In the weeks before this September's terrorist bombing of the American Embassy annex in Beirut, the U.S. government had specific, reliable intelligence warnings that explosives had been shipped into Lebanon and were targeted against American Embassy personnel, according to informed intelligence sources.
U.S. and Israeli intelligence first tracked explosives and timed fuse bombs in mid-August. Days before the Sept. 20 bombing, they learned that the explosives were designated for use against Americans. A vulnerability assessment narrowed the possible points of attack to two facilities in east Beirut: the ambassador's residence in the southern hills, and the eventual target, the embassy annex to the north near the Mediterranean coast.
Reagan administration officials who have reviewed the intelligence and the details of the attack have found that the failure to take more aggressive security precautions was even more unsatisfactory than first reported. One official called it "inexcusable" and another "negligent." Sources said that too many U.S. security forces were deployed away from the annex, where the most American personnel were stationed.
The analysis of security after the bombing shows that terrorists on Sept. 20 could have had unimpeded access to the embassy from a side road that ran about 200 feet from the annex. No barricades were in place there. Fortunately, the sources said, the driver of the van carrying the explosives approached the building through the front gate and was slowed down along that route by security guards and by concrete barriers around which he had to weave.
The explosives were detonated 30 feet before the van reached the annex, making the damage and death toll less than they might have been.
Sources said the new information about security lapses accounts in part for Secretary of State George P. Shultz's directive last week that he receive a daily briefing on embassy safety as part of a "full-court press" on new security measures.
In addition, the sources said intelligence reports show that some of the explosives are still in Lebanon and another attack is anticipated before the American presidential election. U.S. authorities, according to one source, most fear another attack against precisely the same target.
Under new security measures, all vehicles other than the ambassador's automobile entering the embassy annex in Beirut are stopped. Passengers and deliveries are then loaded into a shuttle service that runs from the gates to the annex, these officials said.
U.S. intelligence, working with friendly intelligence services including those of Israel and Lebanon, have traced the financing of the explosives to an elusive financial middleman with close ties to Iranians who have supported terrorism in the past.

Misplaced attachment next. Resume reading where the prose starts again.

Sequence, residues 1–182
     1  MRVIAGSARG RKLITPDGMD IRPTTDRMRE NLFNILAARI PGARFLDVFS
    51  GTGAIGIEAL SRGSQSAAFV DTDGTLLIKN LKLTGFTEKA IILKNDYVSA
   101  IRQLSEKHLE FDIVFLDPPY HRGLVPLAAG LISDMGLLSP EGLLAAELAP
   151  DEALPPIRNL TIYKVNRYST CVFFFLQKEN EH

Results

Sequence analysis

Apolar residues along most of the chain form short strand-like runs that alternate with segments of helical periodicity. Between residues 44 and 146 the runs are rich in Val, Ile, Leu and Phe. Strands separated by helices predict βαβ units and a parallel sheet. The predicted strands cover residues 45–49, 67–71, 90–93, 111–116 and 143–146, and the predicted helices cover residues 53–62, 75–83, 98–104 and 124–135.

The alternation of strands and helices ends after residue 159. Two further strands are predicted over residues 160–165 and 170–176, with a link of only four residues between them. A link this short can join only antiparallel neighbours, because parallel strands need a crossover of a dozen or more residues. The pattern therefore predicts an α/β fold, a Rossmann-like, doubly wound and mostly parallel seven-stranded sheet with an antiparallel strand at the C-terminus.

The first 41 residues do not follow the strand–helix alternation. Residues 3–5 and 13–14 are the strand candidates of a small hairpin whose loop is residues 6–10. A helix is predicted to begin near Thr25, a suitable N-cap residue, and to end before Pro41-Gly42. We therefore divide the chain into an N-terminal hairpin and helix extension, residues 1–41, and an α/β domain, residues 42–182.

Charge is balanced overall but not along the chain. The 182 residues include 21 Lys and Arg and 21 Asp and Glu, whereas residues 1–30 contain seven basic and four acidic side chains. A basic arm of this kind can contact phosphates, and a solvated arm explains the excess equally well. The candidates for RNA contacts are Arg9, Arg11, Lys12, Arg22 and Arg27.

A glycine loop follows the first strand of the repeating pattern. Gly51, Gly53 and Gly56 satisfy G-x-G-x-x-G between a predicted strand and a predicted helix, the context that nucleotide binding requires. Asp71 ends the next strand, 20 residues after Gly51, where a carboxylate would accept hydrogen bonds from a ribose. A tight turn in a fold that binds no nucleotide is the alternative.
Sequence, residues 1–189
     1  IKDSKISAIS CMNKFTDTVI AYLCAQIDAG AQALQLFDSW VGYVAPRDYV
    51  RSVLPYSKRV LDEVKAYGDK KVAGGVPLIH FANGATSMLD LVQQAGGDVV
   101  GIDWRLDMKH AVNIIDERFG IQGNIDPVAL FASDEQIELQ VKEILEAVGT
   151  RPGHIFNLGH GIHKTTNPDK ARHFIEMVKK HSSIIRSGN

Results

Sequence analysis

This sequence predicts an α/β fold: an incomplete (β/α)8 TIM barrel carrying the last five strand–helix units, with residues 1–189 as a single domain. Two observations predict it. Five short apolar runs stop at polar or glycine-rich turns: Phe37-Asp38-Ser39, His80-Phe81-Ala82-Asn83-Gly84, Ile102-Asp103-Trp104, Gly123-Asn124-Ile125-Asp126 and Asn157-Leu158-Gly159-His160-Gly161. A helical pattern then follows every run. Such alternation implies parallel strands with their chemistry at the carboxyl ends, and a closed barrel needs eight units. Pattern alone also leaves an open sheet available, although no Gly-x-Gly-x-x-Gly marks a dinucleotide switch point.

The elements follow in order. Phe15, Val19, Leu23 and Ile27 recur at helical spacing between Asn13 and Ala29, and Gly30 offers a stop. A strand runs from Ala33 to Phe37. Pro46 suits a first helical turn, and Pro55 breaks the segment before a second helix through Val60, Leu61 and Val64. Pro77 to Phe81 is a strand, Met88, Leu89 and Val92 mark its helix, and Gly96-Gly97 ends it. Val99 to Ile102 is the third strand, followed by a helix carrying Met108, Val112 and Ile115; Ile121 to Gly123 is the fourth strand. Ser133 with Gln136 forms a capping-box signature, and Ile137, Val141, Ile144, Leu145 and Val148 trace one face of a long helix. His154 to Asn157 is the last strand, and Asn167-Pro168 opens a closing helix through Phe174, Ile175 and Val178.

The middleman is identified as Hassan Hamiz, a Lebanese with high-level contacts in the Iranian government. Hamiz was paid $50,000 as part of the operation supporting the October 1983 bombing at Marine headquarters in Beirut that killed 241, according to intelligence reports.
Hamiz is closely associated with Hussein Musawi, a leader of one faction of Shiite militants in Lebanon's Bekaa Valley. Musawi's cousin, Abu Haydar Musawi, was involved in obtaining the pickup truck used in the 1983 Marine bombing, according to intelligence reports. He heads his cousin's group called "Hussein suicide commandos," the reports say.
Intelligence has also established the identity of the driver of the van that carried the explosives in the most recent bombing. The driver apparently had two or three aliases, but officials said he has been traced to the militant Shiite movement called Hezballah, or Party of God, which previously has been identified as the group responsible for the terrorist attack.
The group is a loose confederation. Sources this week cautioned that intelligence data, though concrete and believed to be reliable, is not strong enough to make a case in court.
Last January the Israelis arrested 12 terrorists, including some members of the Party of God, and obtained documents, money, operational structures and target information. But it is difficult for outsiders to get good information from the militant Shiite movements, particularly in advance. "It's like penetrating the top echelon of the Mafia," one source said.
This uncertainty, according to sources, is a major reason the Reagan administration has decided not to retaliate.
The sources said the CIA is more interested in learning about the terrorists, their financing and communication, than in striking back. Though the CIA learned of the explosives shipment and the possible targets, officials said they did not know the timing of a possible attack. "We didn't know when -- whether it was going to be that week or month," one source said. Another official said intelligence warnings without the time element can lose impact, creating what one official called "the cry-wolf problem."
Sources in several western intelligence agencies said this week that Syrian intelligence officers have not been implicated in the latest attack, unlike the 1983 Marine bombing and the April 1983 bombing of the U.S. Embassy in Lebanon.
Among the 13 individuals tied to those two earlier bombings were a Syrian intelligence colonel, a former PLO security officer and others belonging to the Syrian-controlled Thunderbolt terrorist organization.
The absence of Syrian intelligence assistance, according to one source, may in part account for the comparatively low death toll of last month's bombing, in which two Americans and at least 10 Lebanese were killed.
The CIA is continuing its investigation to learn more about those responsible for last month's bombing. The capacity to undertake such a probe has been enhanced significantly since the 1983 incidents. An information exchange network has been set up with the intelligence services, police and military of more than 100 countries.